Tuesday, March 15, 2005

On 'Wicca' and 'witchcraft'

I use the words Wicca and witchcraft synonymously. Many don't. Wicca, it is claimed, refers to a lineage popularized in England by Gerald Gardner in the 1940s. Some Gardnerian Wiccans claim that you have to belong to that lineage in order to call yourself Wiccan. More broadly, some Wiccans claim that to be Wiccan you have to be initiated into a standing coven. Others claim that Wiccans properly worship the Goddess and the God, often called the Lady and the Lord, and that a recognition of gendered duality in the godhead is characteristic of Wicca. By any of these definitions, I am not a Wiccan.

However, Starhawk calls Wicca the archaic name of her spiritual tradition, a tradition she also calls Witchcraft. The word Wicca may mean "craft of the wise," or it may be derivative of the old English for "bend" - thus, a witch is one who bends or shapes reality. Following Starhawk, I use Wicca in this broader sense. Wicca in this sense is a tradition only broadly speaking. There is no unbroken lineage, no practices passed down among families or clans. Rather, the Wicca we practice today refers to a (likely mythic) past; it is part of the mythos of Wicca that we image the practice as something very old. The viability of Wicca as a spiritual practice doesn't depend on its myths' being true in an historical sense. We tell creation stories, for example, to shift consciousness and to reach past the conscious, talking, reasoning self. The stories are suggestions of a worldview. Their power depends not on their veracity. We Wiccans, or witches, claim similarity and solidarity with other wisdom traditions, including other earth-based spiritual practices, such as those of native peoples; shamanism; gnostic Christianity; Voodou and other traditions arising from African peoples; Sufiism; Buddhism; Taoism; et. al.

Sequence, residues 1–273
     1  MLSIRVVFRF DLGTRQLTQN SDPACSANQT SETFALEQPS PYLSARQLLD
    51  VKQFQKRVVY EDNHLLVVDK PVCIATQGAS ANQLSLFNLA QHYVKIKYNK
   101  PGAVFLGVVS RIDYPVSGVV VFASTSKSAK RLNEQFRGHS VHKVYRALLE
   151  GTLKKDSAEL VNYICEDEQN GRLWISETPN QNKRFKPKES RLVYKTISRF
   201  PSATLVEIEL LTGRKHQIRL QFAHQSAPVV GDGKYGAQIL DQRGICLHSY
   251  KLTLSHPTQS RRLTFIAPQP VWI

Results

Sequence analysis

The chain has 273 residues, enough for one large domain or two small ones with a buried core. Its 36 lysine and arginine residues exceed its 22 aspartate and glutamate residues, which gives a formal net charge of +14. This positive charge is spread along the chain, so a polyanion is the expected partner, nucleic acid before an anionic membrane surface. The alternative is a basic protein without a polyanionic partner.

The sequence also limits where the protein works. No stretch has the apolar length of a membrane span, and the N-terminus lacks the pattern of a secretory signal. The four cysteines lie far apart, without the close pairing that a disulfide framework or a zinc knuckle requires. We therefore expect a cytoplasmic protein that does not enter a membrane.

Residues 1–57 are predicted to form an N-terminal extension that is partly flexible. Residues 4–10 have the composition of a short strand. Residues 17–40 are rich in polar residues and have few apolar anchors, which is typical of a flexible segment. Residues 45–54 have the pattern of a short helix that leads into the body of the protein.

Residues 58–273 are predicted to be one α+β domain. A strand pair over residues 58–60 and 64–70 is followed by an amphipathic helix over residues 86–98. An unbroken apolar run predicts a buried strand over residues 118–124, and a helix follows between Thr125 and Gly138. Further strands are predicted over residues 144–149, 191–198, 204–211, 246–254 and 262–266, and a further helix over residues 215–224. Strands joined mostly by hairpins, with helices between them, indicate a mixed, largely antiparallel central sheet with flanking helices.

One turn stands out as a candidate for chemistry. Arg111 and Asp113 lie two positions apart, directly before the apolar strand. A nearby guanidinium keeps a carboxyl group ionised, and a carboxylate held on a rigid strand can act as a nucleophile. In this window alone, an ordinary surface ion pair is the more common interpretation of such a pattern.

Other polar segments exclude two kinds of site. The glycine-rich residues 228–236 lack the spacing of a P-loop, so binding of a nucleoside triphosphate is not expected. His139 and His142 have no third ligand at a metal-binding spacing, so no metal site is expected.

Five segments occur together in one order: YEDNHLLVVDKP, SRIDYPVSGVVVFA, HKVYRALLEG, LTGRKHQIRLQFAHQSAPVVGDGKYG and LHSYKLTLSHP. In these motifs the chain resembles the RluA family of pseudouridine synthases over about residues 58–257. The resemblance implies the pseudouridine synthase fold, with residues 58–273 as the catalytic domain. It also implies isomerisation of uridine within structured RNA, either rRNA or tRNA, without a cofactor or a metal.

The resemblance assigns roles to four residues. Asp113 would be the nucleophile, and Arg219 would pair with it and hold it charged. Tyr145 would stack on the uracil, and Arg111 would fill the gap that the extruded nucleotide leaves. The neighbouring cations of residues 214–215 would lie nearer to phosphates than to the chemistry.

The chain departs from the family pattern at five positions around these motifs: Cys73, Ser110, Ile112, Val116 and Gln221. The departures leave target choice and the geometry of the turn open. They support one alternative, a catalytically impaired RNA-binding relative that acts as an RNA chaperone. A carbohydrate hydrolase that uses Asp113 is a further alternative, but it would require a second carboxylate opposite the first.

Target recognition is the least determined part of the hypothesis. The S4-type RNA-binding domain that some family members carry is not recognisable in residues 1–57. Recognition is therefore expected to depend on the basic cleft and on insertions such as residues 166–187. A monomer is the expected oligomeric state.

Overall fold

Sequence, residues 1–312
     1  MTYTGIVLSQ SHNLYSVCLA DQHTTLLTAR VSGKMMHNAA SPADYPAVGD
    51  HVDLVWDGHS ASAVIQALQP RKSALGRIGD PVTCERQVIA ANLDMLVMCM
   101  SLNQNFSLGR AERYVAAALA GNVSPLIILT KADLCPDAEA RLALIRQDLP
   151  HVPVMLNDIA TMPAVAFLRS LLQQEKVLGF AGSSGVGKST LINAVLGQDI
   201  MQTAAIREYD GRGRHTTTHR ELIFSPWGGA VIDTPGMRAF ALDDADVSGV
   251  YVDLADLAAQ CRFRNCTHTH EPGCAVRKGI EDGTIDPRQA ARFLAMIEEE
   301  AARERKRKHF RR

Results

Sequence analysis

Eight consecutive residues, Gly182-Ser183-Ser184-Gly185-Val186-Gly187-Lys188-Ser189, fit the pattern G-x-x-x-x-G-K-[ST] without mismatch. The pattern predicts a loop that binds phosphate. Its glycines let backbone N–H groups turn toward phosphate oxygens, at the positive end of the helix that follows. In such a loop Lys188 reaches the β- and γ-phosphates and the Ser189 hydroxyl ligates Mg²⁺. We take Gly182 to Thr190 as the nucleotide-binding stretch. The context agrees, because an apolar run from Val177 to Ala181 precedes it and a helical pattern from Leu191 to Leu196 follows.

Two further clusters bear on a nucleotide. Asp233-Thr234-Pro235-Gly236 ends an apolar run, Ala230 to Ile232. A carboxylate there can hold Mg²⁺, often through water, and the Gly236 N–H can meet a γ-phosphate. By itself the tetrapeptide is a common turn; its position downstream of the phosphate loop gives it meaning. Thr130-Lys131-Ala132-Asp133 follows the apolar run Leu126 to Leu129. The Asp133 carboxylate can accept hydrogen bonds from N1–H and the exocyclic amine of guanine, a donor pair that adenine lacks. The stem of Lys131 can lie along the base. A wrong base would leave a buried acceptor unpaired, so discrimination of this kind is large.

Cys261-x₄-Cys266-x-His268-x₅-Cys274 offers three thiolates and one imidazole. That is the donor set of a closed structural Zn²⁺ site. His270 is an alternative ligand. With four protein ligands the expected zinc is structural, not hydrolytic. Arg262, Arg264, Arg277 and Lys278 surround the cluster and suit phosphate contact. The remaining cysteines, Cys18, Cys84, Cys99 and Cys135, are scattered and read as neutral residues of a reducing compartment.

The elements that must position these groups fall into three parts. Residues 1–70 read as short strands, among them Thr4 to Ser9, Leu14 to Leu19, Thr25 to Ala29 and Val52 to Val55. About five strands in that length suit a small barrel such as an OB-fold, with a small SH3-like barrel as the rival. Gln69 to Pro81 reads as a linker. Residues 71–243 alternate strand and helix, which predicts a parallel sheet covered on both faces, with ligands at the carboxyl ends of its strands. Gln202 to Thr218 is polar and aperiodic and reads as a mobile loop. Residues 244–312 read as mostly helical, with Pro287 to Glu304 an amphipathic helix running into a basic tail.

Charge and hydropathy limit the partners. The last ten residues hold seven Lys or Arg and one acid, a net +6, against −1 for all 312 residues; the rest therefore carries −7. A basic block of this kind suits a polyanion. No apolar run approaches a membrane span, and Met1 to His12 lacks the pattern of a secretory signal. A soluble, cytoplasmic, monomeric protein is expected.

Later I will discuss in detail which beliefs I think are characteristic of Wicca. For now, the important point is that I use the term Wicca broadly, although that usage is controversial, to mean the same thing as Witchcraft. I call myself Wiccan, pagan, and witch.